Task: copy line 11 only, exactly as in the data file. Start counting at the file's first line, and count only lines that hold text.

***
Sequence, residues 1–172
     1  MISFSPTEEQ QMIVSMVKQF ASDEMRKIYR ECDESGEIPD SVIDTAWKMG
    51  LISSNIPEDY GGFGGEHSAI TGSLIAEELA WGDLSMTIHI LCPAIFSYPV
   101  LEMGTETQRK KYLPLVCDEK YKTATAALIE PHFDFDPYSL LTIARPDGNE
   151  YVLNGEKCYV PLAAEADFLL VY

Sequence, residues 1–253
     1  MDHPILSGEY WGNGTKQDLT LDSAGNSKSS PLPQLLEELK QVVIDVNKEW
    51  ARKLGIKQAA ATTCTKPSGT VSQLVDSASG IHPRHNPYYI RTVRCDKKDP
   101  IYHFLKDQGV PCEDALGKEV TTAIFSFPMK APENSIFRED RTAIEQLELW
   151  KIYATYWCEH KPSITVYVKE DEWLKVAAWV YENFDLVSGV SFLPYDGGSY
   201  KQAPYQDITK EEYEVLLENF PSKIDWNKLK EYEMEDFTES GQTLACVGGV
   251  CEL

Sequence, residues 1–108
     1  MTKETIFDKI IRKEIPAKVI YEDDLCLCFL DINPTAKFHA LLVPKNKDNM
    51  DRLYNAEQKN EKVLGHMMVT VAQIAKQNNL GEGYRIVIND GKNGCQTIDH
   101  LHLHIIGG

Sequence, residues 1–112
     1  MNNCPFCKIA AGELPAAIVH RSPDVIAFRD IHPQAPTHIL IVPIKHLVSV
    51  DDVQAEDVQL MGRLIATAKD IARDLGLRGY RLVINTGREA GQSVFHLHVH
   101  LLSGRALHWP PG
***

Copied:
   201  KQAPYQDITK EEYEVLLENF PSKIDWNKLK EYEMEDFTES GQTLACVGGV